Posted 25 June 2009 - 03:45 PM
The late Dick Wellstood was a friend of mine, a great pianist, a grumpy wit, a pool-shooter, a bicyclist and wonderful writer. Among his best prose was a liner note for "Quintessential Continued", Hines' second solo Chiaroscuro LP released as CR-120. I copied it out once, for a journalism student who had asked for an example of Writing-About-Jazz-In-A-Jazz-Way... I think this Hines topic is just the right place for it. (I trust this is okay with Hank O'Neal, who had the wisdom to ask Wellstood for the words).
EARL HINES -- AN APPRECIATION
Behold Earl Hines, spinner of yarns, big handed virtuoso of the black dance, con man extraordinaire, purveyor of hot sauce.
Behold Earl Hines, Jive King, boss of the sloppy run, the dragged thumb, the uneven tremolo, Minstreal of The Unworthy Emotion, King of Freedom.
Democratic Transcendant, his twitchy, spitting style uses every cheesy trick in the piano-bar catalog to create moving cathedrals, masterpieces of change, great chains of tension and relaxation, multi-dimensional solos that often seem to be about themselves, or about other solos -- "See, here I might have played some boogie-woogie, or put this accent there, or this run here, that chord there...or maybe a llittle stride for you beautiful people in the audience..." Earl Hines, Your Musical Host, serving up the hot sauce.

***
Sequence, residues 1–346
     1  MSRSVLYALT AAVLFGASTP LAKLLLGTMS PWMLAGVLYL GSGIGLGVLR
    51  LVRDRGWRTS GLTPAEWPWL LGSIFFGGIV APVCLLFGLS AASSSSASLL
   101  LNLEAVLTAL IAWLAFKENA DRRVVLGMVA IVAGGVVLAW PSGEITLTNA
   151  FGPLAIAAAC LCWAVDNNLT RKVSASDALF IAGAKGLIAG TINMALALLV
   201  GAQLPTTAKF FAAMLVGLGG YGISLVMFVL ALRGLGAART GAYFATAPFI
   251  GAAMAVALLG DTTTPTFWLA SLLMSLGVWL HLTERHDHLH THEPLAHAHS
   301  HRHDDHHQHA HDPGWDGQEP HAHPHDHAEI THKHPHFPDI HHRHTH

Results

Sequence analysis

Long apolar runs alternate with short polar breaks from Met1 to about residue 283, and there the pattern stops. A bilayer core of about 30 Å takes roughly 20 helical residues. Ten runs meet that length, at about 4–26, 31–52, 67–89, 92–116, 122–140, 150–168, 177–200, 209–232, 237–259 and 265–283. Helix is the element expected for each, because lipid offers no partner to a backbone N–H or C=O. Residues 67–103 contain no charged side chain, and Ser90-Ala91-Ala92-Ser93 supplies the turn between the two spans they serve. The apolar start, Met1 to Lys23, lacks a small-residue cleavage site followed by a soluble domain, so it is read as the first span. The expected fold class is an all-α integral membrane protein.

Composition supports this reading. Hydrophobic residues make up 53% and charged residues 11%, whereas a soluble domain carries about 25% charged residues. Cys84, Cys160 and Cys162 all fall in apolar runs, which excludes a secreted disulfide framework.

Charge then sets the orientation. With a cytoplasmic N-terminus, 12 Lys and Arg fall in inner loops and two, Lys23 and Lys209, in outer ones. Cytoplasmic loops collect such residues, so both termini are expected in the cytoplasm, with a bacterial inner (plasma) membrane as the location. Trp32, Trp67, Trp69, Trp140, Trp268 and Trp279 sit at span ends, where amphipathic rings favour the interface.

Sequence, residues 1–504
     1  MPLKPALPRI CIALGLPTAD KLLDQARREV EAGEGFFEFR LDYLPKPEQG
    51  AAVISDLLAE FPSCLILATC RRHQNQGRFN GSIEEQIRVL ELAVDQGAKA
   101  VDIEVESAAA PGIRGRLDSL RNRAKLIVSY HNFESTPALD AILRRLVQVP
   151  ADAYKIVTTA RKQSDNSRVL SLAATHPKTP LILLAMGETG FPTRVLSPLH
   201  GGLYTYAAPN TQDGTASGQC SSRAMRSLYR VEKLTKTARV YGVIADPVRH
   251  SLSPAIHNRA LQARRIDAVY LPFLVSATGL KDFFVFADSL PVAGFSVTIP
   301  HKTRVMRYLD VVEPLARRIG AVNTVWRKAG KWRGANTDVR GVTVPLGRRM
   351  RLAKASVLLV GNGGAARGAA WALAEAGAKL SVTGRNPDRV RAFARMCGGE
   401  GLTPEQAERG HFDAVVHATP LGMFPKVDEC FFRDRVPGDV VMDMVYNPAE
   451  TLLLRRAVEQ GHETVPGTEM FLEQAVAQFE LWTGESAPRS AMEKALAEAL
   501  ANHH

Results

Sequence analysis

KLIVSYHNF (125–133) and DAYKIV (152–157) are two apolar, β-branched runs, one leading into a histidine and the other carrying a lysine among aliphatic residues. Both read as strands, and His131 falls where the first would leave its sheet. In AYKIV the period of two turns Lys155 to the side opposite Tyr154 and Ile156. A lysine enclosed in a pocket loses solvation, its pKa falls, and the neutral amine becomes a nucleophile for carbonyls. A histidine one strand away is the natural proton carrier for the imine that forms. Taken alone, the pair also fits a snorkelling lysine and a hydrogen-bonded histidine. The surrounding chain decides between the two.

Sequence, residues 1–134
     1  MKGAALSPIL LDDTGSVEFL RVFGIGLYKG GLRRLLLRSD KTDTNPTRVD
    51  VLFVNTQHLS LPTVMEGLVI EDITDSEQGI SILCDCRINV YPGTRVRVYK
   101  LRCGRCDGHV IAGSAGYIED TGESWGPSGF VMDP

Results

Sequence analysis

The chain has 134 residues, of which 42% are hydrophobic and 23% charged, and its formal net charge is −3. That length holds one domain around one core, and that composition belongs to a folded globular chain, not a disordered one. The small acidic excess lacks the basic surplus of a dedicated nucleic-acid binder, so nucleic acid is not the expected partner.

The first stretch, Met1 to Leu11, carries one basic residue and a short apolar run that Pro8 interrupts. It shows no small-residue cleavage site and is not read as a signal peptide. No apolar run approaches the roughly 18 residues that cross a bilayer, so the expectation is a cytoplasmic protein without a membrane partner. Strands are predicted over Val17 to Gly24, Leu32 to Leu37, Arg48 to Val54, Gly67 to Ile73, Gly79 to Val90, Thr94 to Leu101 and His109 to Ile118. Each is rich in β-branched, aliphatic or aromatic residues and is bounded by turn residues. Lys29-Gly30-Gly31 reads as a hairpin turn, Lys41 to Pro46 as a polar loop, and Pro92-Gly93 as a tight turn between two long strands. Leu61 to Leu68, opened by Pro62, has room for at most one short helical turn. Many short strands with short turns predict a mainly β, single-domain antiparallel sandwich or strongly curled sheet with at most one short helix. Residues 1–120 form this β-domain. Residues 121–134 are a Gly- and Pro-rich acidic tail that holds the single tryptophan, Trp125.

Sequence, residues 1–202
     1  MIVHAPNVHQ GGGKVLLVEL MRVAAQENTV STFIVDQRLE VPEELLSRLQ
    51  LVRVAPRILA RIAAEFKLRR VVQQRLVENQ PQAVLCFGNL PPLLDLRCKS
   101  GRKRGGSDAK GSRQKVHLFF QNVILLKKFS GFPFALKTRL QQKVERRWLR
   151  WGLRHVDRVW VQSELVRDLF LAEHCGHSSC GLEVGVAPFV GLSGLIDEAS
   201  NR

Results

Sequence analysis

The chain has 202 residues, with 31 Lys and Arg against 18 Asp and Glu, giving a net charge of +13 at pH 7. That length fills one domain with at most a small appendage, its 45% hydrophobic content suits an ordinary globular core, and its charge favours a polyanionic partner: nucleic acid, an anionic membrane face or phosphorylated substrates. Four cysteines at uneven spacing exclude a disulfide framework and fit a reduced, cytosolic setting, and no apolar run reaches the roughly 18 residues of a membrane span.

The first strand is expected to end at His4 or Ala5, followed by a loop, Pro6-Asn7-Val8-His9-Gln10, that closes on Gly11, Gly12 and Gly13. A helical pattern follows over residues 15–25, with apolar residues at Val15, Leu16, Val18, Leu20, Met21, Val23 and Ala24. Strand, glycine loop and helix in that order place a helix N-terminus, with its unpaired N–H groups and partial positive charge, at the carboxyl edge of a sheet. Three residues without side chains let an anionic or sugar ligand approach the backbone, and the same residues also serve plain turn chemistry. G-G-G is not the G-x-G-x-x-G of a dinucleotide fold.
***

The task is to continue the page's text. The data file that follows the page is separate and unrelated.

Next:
For all the compexity in his playing, Hines exercises fairly simple harmonic vocabulary, and in any event his peculiar stuttering rhythmic sense gives his phrasing so much force as to make harmonic analysis almost meaningless. The dissonances he uses are more the result of his fascination with the overtone of the piano than of any concern with elaborate harmonic substitutions. Accented single notes making the upper strings ring, or open fifths or octaves sounded a tone or semi-tone apart (either will do) at opposite ends of the keyboard are to him amonong the most beautiful of sounds.
His is the music of Change, based on the rhythms of the body in a graceful way unique to the older Jazz players. This may be why he is more successful as a soloist than as a trio pianist. The trio's oscarine petercision, a crutch for many, is a cage for Hines. It's need for relentless accuracy and predictable responses only betrays the tiny imperfections of freedom in his playing; when he is playing alone, these imperfections meld into a sweet flexible instrument of expression.
Hines is not a "stride" pianist. His rhythm is too straight four-four, too free. He does not possess the magisterial dignity of James P. Johnson, the aristocratic detachment of Art Tatum, the patience of Donald Lambert, the phlegmatic unflappability necessary to maintain the momentum of stride. Hines needs silence in the bass, room to let the flowers grow, space to unroll his showers of broken runs containing (miraculously) the melody within, his grace-noted octaves ("That's the way we make the piano sing!", -- Eubie Blake), and his wandering, Irish endings.
His is Freedom in Discipline, infinite choice in a limited sphere, the tension of Will vs. Material -- his is human creativity. Behold Earl Hines, King of Beasts!
Now, that is Earl Hines! That is Jazz Writing! That was a great pianist himself, Dick Wellstood speaking with affection, knowledge and skill. He nailed what Hines was about, and was jazz is about, in my opinion.